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What does the International Energy Authority propose so that the European warehouses do not run out of gas?


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Preparations are now focused on next winter – A solution is being sought to cover a potential shortfall of around 27 billion cubic meters

By Chrysostomos Tsoufis

With tanks full, lame crooked, this winter for Europe will come out without gas supply problems (the price is a completely different issue). But in 2023, as the International Energy Authority warns, if Europe leaves things to their fate, it will find itself with a deficit of around 27 billion cubic meters (bcm). A deficit that if not addressed, then in December 2023 the warehouses of Europe they will be only 30% full from 90% today.

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In a report brought to the Commission’s attention, the Energy Authority assumes that in 2023 no Russian natural gas will enter Europe from the 60bcm this year.

The Chinese dragon

In addition, the ….Chinese Dragon will wake up and begin to absorb again amounts of natural gas equal to those of 2021 and will therefore operate in direct competition with the old continent.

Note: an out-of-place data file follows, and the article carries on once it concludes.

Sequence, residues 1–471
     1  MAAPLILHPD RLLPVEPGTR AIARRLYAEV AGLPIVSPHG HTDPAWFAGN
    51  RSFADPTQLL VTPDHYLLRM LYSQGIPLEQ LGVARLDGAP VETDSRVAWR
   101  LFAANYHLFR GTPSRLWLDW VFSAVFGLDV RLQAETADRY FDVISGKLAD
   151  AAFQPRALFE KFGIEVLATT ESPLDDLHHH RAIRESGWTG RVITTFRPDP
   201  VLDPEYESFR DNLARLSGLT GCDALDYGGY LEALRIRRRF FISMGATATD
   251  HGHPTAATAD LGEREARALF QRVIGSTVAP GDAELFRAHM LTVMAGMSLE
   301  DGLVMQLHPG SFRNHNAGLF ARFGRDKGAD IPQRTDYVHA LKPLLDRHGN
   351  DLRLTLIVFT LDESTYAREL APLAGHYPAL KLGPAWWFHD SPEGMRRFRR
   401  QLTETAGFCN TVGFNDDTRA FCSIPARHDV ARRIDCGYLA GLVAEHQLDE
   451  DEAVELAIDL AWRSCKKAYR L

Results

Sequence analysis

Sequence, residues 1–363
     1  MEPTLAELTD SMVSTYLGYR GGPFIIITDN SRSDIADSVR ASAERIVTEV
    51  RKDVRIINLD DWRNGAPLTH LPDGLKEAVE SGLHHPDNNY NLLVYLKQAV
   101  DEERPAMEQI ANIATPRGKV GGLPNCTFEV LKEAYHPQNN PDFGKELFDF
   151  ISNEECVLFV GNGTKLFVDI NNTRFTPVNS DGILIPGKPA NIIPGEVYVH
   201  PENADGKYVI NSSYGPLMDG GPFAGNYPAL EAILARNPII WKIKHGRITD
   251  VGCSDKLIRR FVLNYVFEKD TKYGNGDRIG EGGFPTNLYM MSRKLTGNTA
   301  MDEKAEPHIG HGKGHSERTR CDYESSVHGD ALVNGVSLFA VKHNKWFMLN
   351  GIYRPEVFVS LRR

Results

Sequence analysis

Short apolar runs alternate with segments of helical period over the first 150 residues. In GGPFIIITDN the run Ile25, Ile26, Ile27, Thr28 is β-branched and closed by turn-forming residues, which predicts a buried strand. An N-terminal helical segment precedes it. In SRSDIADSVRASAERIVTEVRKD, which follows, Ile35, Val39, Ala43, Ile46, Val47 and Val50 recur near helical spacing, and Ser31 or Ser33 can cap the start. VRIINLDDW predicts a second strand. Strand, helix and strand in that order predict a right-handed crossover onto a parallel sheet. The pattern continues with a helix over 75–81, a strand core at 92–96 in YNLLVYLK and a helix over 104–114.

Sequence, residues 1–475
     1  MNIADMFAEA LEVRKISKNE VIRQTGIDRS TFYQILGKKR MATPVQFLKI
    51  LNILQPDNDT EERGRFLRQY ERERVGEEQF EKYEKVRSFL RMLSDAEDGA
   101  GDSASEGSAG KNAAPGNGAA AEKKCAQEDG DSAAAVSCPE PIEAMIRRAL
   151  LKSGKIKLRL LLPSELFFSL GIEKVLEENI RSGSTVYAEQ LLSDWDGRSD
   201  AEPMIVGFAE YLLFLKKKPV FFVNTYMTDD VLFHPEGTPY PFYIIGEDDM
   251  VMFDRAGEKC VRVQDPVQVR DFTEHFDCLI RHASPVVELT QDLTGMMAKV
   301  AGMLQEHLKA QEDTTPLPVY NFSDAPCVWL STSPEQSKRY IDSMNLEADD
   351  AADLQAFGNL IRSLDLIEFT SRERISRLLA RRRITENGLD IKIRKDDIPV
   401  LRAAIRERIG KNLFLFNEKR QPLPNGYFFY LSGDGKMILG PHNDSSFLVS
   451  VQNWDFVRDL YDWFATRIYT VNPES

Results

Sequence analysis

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Third assumption is that next winter’s temperatures will return to normal levels for the season, in contrast to this year’s mild winter.

In its 38-page report, the Authority makes a series of proposals that can be implemented by 2023 and close this gap. The first group of measures has to do with efficiency.

The authority proposes to incentivize renovations at European level to accelerate the rate of building renovation from 1% to 1.7%. Emphasis should be placed on vacant buildings, working-class housing and supporting lower incomes to reduce energy poverty.

Device replacement incentives

It also suggests incentives to replace inefficient electrical appliances and the installation of smart thermostats which alone can reduce heating costs by 10%.

Emphasis must also be given to the public sector. For example, in street lighting the authority’s proposal is to do like Latvia and install only LED lamps.

Informing citizens to change their energy habits is considered important. For example, reducing the average heating temperature in European buildings from 22 to 21 degrees, would lead to a saving of 10bcm, i.e. 37% of the 2023 gap.

Another proposal is for consumers to receive real time information through devices installed in their homes about their consumption so that they can adjust it accordingly.

Talk about zero VAT

The installation of heat pumps is considered an important intervention as it is estimated that 1/3 of natural gas consumption in Europe is intended for heating. Of course it is emphasized in the report that incentives must be given because the costs are significant. One solution could be zero VAT as is the case in England and France.

Accelerating renewables licensing and incentivizing natural gas exporting countries such as Algeria, Egypt and Angola not to flare gas they cannot use and to improve their facilities to limit methane leaks, to export these quantities are 2 more proposals of the Authority.

The cost of the proposals amounts to €100 billion, which is less than half of the package of measures against the energy crisis that Germany received alone.

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